Potassium Carbonate Better Than Bone Drugs

Twelve-month daily alkali therapy with potassium citrate supplements resulted in a nearly 2% increase in lumbar spine and hip bone mineral density (BMD) in a small randomized controlled trial of postmenopausal women with osteopenia. These results, published in the October 2006 issue of the Journal of American Society of Nephrology, suggest that citrate partially reverses the high acidity of the modern Western diet and that this promotes better skeletal health, the researchers, led by Sigrid Jehle, MD, at the Department of Medicine, University of Basel in Bruderholz/Basel, Switzerland, write.

“We showed that BMD was significantly increased in the lumbar spine and the hip after 12 months of a very modest amount of alkali (30 mmol of inexpensive K [potassium] citrate daily) in postmenopausal women with low bone mass (T scores at the lumbar spine of -1 to -4). This was achieved with virtually no side effects.”

The women were randomized to receive tablets of potassium citrate or potassium chloride (3 times 10 mmol daily), and all subjects also received calcium carbonate (500 mg of calcium) and 400 IU of vitamin D3 daily. They were instructed to maintain their current eating and exercise habits.

Study Highlights
Inclusion criteria were women who were nonvegetarians, at least 5 years postmenopausal, younger than 70 years of age, and had T scores at lumbar spine L2 to L4 of -1 to -4.

Women were instructed to continue their self-selected diet and exercise regimen. 89 women were randomized to 10 mmol of trivalent potassium citrate in 3 daytime doses, yielding 30 mmol of potassium and 30 mmol of base (bicarbonate) daily, and 92 to 30 mmol of potassium chloride. Both groups received calcium carbonate containing 500 mg of calcium and 400 IU of vitamin D daily.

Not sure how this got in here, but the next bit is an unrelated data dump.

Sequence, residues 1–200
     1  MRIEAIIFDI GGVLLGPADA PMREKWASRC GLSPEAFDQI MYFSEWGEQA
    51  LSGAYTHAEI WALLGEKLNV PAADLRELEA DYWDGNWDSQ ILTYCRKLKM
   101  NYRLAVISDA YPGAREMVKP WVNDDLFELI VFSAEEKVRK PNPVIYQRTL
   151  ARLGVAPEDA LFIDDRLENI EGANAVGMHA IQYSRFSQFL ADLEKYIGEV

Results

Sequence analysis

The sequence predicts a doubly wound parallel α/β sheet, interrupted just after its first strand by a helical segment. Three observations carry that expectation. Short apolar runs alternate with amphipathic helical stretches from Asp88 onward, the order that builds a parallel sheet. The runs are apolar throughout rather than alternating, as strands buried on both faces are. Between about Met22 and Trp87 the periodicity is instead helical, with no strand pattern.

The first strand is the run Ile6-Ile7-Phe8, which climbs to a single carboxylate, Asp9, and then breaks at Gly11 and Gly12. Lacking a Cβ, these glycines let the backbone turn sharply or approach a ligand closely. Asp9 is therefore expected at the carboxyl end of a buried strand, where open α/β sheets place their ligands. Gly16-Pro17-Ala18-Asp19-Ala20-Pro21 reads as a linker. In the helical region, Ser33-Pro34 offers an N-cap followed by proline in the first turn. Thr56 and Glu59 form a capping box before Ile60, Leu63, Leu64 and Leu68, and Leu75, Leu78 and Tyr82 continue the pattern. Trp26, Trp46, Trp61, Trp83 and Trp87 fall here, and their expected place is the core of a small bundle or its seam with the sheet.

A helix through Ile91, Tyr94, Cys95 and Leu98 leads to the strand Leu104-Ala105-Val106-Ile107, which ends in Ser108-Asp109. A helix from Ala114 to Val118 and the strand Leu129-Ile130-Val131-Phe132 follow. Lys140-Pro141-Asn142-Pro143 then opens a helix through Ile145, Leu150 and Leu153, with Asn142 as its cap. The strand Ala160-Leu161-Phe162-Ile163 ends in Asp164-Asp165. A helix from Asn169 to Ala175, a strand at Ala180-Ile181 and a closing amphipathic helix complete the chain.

I’ve been telling women since 1986, when early FDA studies on bone drugs were compared to the known benefits/response of taking potassium carbonate, that you can achieve the same or BETTER response WITHOUT the side effects of pharmaceutical drugs, simply by taking potassium carbonate.

Now we can improve on this by taking liquid bioavailable minerals containing silica which works synergystically with potassium carbonate. Just one dropper twice a day is all you need. Here’s to better bone health!


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Break a Hip and Die! The Impact of Osteoporosis

Even a minor accident or fall could result in a potentially disabling fracture for as many as 60 percent of Canadian women over age 50. That’s just one of the disturbing findings of the Canadian Multicentre Osteoporosis Study (CAMOS), a major, ongoing study of osteoporosis involving more than 9,000 people across Canada. This study is made possible by a recently renewed grant from the Canadian Institutes of Health Research (CIHR).

Although common in older people, osteoporosis is often not diagnosed or treated, according to CAMOS researchers. “We found a significant ‘osteoporosis care gap,’” says principal investigator, Dr. Alan Tenenhouse, Director of the Division of Bone Metabolism, Department of Medicine, McGill University Health Centre (MUHC). “Many cases of osteoporosis, especially in men, go undetected.” People with untreated osteoporosis are at high risk for fractures. Hip fractures are particularly dangerous. About one quarter of the 25,000 Canadians who fracture a hip die within a year of their injury. Only half ever regain normal function.